- More from WaPo's 50-State Poll More results from a Washington Post-SurveyMonkey poll of all 50 states (the topline numbers were included in Tuesday's newsletter). The poll, which was conducted from Aug. 9 through Sept. 1, questioned 74,000 registered voters in every state to determine how each state is leaning in the presidential race. While there are some potential outliers in the results, it is an interesting polling idea - since the presidential race is not a national popularity contest, but 50 individual state contests, after all. It is the first 50-state poll sponsored by The Washington Post since 1988.
- The results of the 50-state poll completely turns the traditional electoral map on its head. Clinton and Trump each lead 20 states by at least four percentage points, putting 244 electoral votes solidly in or leaning towards her column and 126 in or leaning towards his (Clinton's 20 states are much more populated, and therefore count towards more electoral votes).
- The remaining 168 electoral votes are from the 10 remaining states, where the race to 270 electoral votes (the amount needed to win the White House) will be fought. These 10 states, where no candidate recorded a lead of 4% or more, are the most interesting.
- The list is made up of four traditionally Republican states, all of which have voted GOP in at least the past four presidential elections (Texas, Georgia, Arizona, Mississippi); two traditionally Democratic states, both of which have voted Democratic in at least the past six presidential elections (Michigan and Wisconsin); three traditional battleground states, all of which have voted for the winner in at least the past four presidential elections (Ohio, Florida, Colorado); and one historically-Republican state that has become more of a swing state in recent years (North Carolina). Here is the poll's results from those 10 states:
- Colorado: Tie Clinton 37, Trump 37, Johnson 16, Stein 1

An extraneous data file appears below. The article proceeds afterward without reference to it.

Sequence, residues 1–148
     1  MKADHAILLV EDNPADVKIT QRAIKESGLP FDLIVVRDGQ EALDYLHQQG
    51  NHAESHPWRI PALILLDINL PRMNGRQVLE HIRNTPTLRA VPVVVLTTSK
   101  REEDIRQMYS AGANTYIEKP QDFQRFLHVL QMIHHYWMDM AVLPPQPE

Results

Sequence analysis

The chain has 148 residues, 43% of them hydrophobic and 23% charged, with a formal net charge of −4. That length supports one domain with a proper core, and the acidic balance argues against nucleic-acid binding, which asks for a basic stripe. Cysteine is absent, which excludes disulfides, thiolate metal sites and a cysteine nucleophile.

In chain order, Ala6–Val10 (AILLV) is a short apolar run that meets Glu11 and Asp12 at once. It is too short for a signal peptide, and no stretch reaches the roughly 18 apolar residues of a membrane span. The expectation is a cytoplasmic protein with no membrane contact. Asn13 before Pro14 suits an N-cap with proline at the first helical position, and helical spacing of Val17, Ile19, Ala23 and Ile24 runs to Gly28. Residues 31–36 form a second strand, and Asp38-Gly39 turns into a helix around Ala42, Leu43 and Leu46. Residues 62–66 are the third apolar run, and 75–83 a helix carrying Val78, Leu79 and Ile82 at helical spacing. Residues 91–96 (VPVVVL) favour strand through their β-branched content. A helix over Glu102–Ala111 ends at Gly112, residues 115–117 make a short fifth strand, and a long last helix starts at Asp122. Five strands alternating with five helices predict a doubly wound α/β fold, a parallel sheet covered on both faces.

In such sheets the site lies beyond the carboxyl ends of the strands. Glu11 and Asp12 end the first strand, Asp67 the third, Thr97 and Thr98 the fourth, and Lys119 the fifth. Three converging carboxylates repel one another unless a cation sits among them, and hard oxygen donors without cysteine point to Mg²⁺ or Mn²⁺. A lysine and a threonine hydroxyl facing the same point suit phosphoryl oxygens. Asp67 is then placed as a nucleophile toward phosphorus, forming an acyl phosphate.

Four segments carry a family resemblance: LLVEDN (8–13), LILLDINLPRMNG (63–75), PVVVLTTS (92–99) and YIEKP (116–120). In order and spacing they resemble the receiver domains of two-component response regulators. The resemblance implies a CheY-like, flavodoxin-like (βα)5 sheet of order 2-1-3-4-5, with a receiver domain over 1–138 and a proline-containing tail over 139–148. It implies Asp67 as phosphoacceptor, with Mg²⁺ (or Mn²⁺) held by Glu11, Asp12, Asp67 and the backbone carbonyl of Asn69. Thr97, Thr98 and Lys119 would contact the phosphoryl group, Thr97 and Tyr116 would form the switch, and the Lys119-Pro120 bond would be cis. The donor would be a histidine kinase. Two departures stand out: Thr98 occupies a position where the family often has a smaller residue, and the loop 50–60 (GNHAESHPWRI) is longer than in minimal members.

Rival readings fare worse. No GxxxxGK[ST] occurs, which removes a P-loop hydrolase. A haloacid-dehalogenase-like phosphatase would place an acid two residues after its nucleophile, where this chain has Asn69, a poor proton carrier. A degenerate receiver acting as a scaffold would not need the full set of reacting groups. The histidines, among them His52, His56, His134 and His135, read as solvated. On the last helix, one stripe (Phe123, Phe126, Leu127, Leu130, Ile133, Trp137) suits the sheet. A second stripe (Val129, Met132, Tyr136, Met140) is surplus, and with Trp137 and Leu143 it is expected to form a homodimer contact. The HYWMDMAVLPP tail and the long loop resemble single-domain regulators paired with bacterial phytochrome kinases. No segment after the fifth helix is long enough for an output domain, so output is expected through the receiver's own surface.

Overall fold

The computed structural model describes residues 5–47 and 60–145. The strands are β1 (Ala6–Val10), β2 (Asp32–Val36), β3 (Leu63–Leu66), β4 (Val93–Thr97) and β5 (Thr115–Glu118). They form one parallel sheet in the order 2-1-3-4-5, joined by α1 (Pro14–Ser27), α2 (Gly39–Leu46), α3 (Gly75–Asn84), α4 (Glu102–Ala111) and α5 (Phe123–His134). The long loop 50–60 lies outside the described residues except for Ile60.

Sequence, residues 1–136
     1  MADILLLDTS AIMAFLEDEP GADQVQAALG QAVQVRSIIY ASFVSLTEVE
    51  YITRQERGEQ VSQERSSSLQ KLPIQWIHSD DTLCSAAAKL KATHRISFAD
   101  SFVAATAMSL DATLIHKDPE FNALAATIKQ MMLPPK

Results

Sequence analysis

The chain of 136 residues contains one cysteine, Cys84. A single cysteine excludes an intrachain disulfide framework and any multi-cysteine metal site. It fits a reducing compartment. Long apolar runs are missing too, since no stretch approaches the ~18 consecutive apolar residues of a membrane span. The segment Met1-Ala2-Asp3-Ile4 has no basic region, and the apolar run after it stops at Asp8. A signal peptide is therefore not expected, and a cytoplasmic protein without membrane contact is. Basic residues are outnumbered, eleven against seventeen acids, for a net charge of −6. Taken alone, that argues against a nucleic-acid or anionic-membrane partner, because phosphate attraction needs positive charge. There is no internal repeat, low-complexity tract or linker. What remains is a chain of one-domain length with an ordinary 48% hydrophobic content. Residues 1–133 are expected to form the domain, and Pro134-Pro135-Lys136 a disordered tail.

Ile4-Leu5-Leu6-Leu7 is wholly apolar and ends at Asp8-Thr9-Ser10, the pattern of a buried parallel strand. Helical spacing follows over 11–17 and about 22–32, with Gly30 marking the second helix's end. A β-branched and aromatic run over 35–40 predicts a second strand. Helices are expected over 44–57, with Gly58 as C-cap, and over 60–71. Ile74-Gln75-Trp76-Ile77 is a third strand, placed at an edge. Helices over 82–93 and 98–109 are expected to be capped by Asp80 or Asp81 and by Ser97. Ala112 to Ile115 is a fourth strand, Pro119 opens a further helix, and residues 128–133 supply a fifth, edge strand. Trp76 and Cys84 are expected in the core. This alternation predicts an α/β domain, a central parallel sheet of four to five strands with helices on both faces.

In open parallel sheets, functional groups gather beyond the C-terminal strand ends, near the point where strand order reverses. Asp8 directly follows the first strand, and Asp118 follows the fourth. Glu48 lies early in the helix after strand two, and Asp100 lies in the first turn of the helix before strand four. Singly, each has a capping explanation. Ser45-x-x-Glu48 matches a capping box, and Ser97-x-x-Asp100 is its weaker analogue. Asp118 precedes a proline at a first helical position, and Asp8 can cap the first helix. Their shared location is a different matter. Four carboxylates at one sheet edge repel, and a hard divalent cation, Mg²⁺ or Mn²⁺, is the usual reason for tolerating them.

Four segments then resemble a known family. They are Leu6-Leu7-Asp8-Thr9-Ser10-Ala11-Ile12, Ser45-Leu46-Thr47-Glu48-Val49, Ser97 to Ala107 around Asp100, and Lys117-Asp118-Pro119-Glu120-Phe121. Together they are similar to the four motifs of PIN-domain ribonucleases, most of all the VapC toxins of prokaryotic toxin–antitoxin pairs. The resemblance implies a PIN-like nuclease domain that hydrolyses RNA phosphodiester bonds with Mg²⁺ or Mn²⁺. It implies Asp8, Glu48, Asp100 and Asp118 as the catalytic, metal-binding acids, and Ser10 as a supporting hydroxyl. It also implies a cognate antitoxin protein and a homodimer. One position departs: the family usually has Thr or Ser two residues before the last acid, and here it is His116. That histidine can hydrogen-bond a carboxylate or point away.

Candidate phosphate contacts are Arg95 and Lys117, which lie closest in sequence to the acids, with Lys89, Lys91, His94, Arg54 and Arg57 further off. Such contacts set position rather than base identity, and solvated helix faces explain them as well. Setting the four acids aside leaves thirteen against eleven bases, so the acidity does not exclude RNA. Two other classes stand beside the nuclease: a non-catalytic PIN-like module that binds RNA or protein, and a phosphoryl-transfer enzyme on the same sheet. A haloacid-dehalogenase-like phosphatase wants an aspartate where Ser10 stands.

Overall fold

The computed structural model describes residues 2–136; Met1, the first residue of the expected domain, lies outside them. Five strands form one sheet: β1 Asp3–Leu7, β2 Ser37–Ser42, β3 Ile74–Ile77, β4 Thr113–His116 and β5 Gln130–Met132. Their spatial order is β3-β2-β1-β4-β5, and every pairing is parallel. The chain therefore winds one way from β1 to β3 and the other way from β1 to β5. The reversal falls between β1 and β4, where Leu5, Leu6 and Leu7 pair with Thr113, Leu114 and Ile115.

- Texas: Tie Clinton 40, Trump 40, Johnson 11, Stein 3
- Georgia: Trump +1 Trump 40, Clinton 39, Johnson 12, Stein 4
- Michigan: Clinton +1 Clinton 39, Trump 38, Johnson 13, Stein 5
- North Carolina: Trump +1 Trump 41, Clinton 40, Johnson 10, Stein 4
- Arizona: Trump +2 Trump 39, Clinton 37, Johnson 13, Stein 4
- Florida: Trump +2 Trump 42, Clinton 40, Johnson 10, Stein 3
- Wisconsin: Trump +2 Trump 39, Clinton 37, Johnson 13, Stein 4
- Mississippi: Trump +3 Trump 46, Clinton 43, Johnson 4, Stein 2
- Ohio: Trump +3 Trump 40, Clinton 37, Johnson 13, Stein 4
- Meanwhile, some traditionally battleground states are in the "lean" columns: Clinton wins New Hampshire, Virginia, Nevada, and Pennsylvania by at least 4%; while Trump wins Iowa with 4%. The other "lean" states are ones that have not been as close in past elections: Minnesota and Maine for Clinton; and South Carolina, Alaska, and Missouri for Trump.
- While Clinton maintains an electoral advantage, Trump's lead in states like Wisconsin, Ohio, Iowa, and Florida (all of which were won twice by Obama) is interesting. However, just as those states should worry Clinton, Trump's inability to win Texas, Georgia, Arizona, and Mississippi in landslides (according to this poll) should give pause to his campaign. Expect these states to make up the bulk of the campaign stops and spending over the next two months.